Stage fright doesn’t just occur in your head. Sometimes it’s the physical symptoms of your nervousness that cause you the most trouble—and reveal your anxiety to your audience. Marjorie Brody, one of America’s most accomplished speakers and speaking coaches, cites seven major forms of physical stage fright … and 14 ways to cope with them.
For dry mouth:
- Avoid dairy products, soda and alcoholic beverages for an hour or so before you speak.
- Lightly coat your teeth with petroleum jelly. That will keep your lips from sticking to your teeth.
- As an emergency measure against oral dryness, bite the tip of your tongue. That will help you to salivate.
- Drink room-temperature or warm water—with lemon, if available. Ronald Reagan frequently did that before delivering a major speech.
For sweaty hands or body:
- Use talcum powder or cornstarch on your hands or body to absorb excess moisture.
- Carry a handkerchief—but use it only when you really must.
- For blushing or breaking into red splotches when nervous:
- Women should wear pink or red colors. A red tie and strong, dark suit colors help for men.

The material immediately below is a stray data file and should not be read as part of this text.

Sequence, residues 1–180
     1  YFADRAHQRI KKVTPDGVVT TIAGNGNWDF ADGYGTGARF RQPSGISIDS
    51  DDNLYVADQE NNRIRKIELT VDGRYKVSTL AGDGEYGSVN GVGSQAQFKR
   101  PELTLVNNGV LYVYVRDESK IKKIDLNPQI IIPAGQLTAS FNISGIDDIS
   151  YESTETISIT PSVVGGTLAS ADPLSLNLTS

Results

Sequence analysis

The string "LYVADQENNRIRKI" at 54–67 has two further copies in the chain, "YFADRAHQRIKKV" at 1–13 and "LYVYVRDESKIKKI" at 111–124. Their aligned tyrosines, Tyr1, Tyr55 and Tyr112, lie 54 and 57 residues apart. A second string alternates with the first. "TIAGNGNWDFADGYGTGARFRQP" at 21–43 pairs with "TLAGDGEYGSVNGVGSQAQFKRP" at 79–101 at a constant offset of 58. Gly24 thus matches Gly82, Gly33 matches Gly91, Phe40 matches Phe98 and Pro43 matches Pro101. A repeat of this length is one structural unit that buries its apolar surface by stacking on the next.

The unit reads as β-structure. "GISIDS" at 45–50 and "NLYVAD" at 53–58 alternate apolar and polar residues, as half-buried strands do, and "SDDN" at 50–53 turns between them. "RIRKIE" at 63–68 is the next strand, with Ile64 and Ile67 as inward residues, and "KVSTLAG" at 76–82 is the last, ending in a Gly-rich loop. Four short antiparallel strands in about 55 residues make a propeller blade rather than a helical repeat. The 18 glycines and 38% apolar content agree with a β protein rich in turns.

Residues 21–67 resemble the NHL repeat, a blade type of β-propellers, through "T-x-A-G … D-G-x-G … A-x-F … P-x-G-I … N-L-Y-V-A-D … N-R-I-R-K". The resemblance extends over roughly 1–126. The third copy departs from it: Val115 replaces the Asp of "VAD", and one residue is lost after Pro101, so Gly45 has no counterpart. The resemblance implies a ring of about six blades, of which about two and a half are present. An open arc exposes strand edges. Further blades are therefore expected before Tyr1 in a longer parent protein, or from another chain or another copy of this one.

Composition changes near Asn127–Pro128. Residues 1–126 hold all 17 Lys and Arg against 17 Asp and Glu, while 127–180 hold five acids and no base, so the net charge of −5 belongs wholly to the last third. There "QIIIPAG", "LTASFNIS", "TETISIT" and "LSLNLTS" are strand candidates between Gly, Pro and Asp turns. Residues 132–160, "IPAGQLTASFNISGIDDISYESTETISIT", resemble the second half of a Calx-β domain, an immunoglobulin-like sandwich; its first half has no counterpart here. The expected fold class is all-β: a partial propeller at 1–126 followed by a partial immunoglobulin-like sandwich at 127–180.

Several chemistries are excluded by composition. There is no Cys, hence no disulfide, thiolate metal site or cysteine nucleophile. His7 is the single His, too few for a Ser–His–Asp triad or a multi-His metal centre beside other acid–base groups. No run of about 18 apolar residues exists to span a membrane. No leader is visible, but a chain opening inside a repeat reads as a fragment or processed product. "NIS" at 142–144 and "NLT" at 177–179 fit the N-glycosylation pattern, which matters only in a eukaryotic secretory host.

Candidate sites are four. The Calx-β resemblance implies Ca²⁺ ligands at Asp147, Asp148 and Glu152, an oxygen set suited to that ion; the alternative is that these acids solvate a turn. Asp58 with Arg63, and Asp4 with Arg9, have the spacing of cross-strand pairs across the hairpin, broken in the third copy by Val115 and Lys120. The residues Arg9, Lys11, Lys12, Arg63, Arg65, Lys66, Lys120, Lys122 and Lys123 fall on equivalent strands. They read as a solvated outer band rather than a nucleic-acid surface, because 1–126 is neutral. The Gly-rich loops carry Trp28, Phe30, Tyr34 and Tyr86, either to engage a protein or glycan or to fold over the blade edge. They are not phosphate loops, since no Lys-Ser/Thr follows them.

- Women should wear high necklines.
- Use humor to release endorphins—natural proteins that can exert a calming effect on the brain and relieve blushing.
For shaky voice:
- Make a concentrated effort to project your voice to the back row of your audience. Louder, more forceful projection will cut down on the vocal wobble.
For shaky hands:
- Gesture—but use small gestures and avoid jerky or wild movements.
For shaky legs or knocking knees:
- Move about the platform or circulate in the room.
For rapid heartbeat:
- Breathe deeply.
- Avoid caffeine before speaking.
— Adapted from Speaking Your Way to the Top, Marjorie Brody, Allyn and Bacon, http://vig.pearsoned.co.uk.